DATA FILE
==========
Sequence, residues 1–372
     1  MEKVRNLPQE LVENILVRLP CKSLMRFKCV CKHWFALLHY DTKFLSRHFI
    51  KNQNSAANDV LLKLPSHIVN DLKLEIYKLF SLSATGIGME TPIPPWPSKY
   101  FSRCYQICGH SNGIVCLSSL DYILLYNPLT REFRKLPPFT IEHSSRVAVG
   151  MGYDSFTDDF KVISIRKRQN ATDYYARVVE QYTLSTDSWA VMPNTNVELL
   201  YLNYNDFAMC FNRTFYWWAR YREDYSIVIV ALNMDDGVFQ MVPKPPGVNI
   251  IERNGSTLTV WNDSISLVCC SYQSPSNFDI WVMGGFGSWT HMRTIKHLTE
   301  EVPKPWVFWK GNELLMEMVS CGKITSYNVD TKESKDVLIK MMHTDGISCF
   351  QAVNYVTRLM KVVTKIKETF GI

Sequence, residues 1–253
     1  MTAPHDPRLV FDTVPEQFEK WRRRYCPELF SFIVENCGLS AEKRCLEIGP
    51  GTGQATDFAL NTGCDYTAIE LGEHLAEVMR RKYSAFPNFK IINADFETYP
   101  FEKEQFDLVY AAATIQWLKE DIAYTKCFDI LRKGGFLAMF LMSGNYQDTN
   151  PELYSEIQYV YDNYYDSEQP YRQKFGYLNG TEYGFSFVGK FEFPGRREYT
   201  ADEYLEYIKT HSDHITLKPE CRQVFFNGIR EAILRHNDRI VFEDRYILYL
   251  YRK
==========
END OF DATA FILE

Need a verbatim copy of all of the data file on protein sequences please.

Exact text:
Sequence, residues 1–372
     1  MEKVRNLPQE LVENILVRLP CKSLMRFKCV CKHWFALLHY DTKFLSRHFI
    51  KNQNSAANDV LLKLPSHIVN DLKLEIYKLF SLSATGIGME TPIPPWPSKY
   101  FSRCYQICGH SNGIVCLSSL DYILLYNPLT REFRKLPPFT IEHSSRVAVG
   151  MGYDSFTDDF KVISIRKRQN ATDYYARVVE QYTLSTDSWA VMPNTNVELL
   201  YLNYNDFAMC FNRTFYWWAR YREDYSIVIV ALNMDDGVFQ MVPKPPGVNI
   251  IERNGSTLTV WNDSISLVCC SYQSPSNFDI WVMGGFGSWT HMRTIKHLTE
   301  EVPKPWVFWK GNELLMEMVS CGKITSYNVD TKESKDVLIK MMHTDGISCF
   351  QAVNYVTRLM KVVTKIKETF GI

Sequence, residues 1–253
     1  MTAPHDPRLV FDTVPEQFEK WRRRYCPELF SFIVENCGLS AEKRCLEIGP
    51  GTGQATDFAL NTGCDYTAIE LGEHLAEVMR RKYSAFPNFK IINADFETYP
   101  FEKEQFDLVY AAATIQWLKE DIAYTKCFDI LRKGGFLAMF LMSGNYQDTN
   151  PELYSEIQYV YDNYYDSEQP YRQKFGYLNG TEYGFSFVGK FEFPGRREYT
   201  ADEYLEYIKT HSDHITLKPE CRQVFFNGIR EAILRHNDRI VFEDRYILYL
   251  YRK